Small Vices (Spenser, #24)

ISBN: 0425162486
ISBN 13: 9780425162484
By: Robert B. Parker

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Crime Default Detective Fiction Mysteries Mystery Robert B Parker Spenser Suspense To Read

About this book

Ellis Alves is no angel. But his lawyer says he was framed for the murder of college student Melissa Henderson...and asks Spenser for help. From Boston's back streets to Manhattan's elite, Spenser and Hawk search for suspects, including Melissa's rich-kid, tennis-star boyfriend. But when a man with a .22 puts Spenser in a coma, the hope for justice may die with him...

Reader's Thoughts


I've never read a Robert Parker novel before, I really enjoyed this one. A very straight forward read with lots of plot twists. A thrilling read and I definitely will be reading another Robert Parker novel.

Steven Belanger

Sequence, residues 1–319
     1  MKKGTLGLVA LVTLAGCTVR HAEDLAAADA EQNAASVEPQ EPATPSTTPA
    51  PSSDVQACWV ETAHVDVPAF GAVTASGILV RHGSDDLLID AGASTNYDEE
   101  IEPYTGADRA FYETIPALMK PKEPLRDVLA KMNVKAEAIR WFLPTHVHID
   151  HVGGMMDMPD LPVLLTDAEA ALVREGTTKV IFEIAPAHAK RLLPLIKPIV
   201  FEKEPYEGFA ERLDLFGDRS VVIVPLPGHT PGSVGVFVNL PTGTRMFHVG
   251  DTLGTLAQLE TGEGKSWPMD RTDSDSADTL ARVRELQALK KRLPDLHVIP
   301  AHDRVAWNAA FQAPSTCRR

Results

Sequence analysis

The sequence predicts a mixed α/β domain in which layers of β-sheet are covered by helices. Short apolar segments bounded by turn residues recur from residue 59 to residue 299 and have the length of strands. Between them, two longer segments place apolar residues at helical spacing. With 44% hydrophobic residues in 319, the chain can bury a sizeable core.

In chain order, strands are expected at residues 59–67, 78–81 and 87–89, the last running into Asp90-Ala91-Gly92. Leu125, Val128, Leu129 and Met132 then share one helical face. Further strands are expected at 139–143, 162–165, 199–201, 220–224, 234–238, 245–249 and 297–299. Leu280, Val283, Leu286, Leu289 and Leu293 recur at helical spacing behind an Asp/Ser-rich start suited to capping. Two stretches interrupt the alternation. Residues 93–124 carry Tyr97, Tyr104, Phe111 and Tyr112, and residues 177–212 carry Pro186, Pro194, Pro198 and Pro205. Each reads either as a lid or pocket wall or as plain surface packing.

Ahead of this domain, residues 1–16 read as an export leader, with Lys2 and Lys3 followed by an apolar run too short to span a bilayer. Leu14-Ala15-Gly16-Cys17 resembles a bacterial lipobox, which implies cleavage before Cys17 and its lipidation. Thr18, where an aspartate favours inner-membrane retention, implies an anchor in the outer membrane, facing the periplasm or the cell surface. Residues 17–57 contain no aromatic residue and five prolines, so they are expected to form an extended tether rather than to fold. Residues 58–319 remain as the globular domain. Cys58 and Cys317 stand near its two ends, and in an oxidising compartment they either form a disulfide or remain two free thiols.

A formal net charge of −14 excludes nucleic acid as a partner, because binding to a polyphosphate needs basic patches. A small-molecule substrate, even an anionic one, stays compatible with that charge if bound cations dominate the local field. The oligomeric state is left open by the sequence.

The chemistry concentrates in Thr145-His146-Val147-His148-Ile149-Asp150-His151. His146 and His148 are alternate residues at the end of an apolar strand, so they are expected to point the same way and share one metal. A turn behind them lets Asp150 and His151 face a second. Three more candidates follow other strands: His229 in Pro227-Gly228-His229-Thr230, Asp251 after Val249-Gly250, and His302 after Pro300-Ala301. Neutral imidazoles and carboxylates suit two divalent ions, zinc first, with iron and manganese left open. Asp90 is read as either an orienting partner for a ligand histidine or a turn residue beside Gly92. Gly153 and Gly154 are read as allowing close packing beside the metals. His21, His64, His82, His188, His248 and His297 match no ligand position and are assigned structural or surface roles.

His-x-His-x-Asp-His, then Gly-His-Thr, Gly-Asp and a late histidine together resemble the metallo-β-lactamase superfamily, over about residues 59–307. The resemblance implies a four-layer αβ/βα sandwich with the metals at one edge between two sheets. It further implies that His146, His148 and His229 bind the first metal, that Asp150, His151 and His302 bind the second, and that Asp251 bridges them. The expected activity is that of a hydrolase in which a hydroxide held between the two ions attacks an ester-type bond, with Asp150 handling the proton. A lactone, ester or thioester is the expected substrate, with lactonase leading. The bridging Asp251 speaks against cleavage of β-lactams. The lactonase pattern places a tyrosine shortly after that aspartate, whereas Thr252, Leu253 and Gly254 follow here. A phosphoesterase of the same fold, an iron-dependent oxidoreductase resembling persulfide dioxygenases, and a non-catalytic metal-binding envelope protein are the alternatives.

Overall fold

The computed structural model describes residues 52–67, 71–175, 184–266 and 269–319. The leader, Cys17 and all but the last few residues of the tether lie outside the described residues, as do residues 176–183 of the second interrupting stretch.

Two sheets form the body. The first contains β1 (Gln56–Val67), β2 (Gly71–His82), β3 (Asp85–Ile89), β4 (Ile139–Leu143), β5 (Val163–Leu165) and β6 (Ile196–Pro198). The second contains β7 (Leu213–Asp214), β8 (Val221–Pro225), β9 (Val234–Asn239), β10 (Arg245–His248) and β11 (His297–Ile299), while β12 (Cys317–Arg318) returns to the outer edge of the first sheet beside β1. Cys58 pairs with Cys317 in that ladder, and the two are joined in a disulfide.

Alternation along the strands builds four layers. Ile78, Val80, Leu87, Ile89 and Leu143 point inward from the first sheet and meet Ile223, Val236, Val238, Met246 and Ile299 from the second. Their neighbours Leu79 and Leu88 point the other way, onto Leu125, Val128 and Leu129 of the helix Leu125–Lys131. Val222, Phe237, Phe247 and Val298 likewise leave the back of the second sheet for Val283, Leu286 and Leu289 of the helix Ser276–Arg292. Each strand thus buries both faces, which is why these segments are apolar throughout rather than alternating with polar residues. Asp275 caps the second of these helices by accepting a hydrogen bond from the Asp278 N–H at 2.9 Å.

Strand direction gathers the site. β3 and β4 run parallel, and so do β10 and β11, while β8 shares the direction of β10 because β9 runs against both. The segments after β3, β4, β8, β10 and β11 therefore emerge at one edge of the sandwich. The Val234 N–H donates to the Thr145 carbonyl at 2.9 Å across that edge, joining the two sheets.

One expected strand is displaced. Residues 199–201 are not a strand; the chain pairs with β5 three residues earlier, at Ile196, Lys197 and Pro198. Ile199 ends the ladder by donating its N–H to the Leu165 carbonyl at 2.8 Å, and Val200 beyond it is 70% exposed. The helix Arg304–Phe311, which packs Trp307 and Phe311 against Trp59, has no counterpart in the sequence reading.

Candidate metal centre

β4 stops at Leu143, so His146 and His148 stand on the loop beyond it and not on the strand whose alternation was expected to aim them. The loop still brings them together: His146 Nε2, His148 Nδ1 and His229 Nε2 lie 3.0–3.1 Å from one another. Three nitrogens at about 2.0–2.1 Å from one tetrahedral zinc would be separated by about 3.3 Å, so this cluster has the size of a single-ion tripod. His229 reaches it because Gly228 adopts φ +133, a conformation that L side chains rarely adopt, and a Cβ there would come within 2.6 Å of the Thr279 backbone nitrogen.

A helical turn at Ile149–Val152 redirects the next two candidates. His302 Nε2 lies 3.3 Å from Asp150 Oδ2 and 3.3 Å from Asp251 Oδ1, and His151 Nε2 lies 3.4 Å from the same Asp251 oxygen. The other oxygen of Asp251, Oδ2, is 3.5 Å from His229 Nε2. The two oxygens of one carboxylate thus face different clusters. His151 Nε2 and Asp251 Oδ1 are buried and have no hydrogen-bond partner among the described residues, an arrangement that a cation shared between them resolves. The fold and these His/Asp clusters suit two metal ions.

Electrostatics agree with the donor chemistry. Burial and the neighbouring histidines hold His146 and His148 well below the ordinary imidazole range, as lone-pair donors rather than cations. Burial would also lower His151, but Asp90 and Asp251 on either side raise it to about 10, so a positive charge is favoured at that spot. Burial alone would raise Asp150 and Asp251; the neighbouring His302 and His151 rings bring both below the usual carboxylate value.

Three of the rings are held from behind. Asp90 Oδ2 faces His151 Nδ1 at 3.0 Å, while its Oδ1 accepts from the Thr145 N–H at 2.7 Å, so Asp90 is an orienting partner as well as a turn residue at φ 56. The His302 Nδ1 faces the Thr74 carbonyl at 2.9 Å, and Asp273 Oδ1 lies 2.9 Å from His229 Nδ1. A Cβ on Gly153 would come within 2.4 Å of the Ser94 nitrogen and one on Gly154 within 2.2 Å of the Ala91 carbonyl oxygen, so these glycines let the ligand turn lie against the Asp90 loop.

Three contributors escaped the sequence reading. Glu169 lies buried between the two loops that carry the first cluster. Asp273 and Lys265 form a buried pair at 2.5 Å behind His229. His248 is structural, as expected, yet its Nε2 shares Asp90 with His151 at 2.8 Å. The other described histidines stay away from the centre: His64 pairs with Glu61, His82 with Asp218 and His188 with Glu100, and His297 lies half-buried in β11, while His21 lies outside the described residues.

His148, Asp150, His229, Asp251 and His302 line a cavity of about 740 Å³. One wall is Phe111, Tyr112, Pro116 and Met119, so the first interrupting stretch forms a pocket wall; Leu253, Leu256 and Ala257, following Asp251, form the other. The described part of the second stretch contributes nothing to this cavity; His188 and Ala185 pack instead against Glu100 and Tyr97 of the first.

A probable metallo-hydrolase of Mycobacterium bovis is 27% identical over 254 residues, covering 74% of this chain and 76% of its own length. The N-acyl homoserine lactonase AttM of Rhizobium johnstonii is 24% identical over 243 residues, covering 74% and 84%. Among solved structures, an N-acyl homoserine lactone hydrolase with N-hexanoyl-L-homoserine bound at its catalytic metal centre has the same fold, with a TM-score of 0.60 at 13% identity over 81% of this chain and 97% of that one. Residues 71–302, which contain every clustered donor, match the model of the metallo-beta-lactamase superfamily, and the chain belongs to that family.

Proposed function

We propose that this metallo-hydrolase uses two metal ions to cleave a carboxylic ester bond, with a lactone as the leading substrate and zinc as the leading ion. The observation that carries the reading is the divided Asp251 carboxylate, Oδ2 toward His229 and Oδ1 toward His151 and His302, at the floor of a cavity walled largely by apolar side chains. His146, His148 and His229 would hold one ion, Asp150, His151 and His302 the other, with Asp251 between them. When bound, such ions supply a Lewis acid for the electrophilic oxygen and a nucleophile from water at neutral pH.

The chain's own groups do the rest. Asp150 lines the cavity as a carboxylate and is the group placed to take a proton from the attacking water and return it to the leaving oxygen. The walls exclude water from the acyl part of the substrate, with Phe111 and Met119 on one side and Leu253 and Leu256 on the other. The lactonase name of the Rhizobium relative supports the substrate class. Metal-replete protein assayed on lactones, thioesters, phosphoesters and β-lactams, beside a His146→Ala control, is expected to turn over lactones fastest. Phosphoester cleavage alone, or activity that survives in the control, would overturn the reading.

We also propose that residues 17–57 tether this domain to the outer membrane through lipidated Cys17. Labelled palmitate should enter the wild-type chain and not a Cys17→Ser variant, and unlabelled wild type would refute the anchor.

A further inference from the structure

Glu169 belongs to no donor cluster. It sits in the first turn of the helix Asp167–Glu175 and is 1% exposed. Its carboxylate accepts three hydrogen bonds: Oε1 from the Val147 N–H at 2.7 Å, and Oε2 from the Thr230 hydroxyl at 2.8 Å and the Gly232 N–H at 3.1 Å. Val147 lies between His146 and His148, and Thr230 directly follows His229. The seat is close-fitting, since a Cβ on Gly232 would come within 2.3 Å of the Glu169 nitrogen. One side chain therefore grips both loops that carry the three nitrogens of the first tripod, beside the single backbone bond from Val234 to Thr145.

Read this one already, as I have every Parker book, but I read something about The Grey Man, so I thought I'd give this another shot. Better than I remembered, but not one of his best. The time passing seems oddly handled, and you would think Rugar would find him immediately again once he got his apartment back. Fairly long for Spenser/Parker, but everything good about the series is evident here. All minor characters from the series make an appearance here. Overall, very good and, as usual, addictive reading.

Cathy Cusson

Love the depth of Hawk's friendship. He goes above and beyond helping Spenser recuperate.

Tim Healy